This is another post for Commons Machinery
In the 17th century, radical ideas were blooming and with these ideas came the need to share them so that they would benefit the largest amount of people. The first scientific journals (the French Journal des sçavans and the English Philosophical Transactions of the Royal Society) were begun in 1665 to systematically report experimental progress.
This sentiment was also echoed in the first modern piece of copyright legislation: the Statute of Anne from 1710, which recognized that the power of ownership over text had to be moved from the publisher to the author,“…for the encouragement of learned men to compose and write useful books…”
This encouragement was necessary as it was recognized that such books were important for society as a whole. Their importance was not to increase the stature of the writer but to increase available knowledge in society. Copyright was developed for the spread of learning.
In academia today, it seems we are in a slow state of decline from these principles. The Open Access movement does provide a sense of hope, but, in general, the distribution of knowledge in academia today is a sad state of affairs.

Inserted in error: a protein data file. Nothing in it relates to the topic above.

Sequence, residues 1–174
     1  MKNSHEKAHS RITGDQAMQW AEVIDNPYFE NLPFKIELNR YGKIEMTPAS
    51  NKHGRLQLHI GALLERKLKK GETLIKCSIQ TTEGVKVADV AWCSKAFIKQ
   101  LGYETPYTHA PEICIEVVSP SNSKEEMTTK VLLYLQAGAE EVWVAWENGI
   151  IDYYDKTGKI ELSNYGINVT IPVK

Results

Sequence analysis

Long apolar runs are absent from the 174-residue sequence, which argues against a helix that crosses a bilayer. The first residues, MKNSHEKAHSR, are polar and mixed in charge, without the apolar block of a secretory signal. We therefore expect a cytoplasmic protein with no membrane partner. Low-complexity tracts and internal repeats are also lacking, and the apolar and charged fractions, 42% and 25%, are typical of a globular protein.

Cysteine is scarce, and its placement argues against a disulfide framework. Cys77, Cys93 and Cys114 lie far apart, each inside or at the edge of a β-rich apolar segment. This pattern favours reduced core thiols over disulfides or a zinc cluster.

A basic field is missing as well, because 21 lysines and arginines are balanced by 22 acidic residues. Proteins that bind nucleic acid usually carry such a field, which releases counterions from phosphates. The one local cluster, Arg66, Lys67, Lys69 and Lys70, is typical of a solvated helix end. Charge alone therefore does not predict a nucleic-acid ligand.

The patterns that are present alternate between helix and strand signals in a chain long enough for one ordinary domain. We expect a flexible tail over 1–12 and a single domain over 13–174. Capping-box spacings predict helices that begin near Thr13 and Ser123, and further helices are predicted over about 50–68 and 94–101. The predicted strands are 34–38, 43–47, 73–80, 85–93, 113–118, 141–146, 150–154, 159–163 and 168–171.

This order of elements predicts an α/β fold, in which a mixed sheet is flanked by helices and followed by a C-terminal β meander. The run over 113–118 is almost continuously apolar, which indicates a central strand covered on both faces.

The cost of scientific journals is on the rise (the serials crisis). This not only limits individuals from accessing scientific literature but has driven the prices so high that many prestigious university libraries are concerned about their ability to keep them in stock. In 2012, Harvard University published a memorandum on their concerns about journal publishers’ prices. This is the seat of privilege arguing: “We write to communicate an untenable situation facing the Harvard Library. Many large journal publishers have made the scholarly communication environment fiscally unsustainable and academically restrictive.”
In addition to this, the limitations placed on copying and re-use not only limit an article’s readership from accessing and using material but also limits the authors from sharing or re-using the material they themselves created. In December 2013, the major science publisher Elsevier began threatening academics posting their own papers online with legal action (article in Wired).
All hope is not lost! Open access is the way to change this. Please watch the talented Jorge Cham of PhD Comics explain open access in this illustrated video: Open Access Explained! By PHD Comics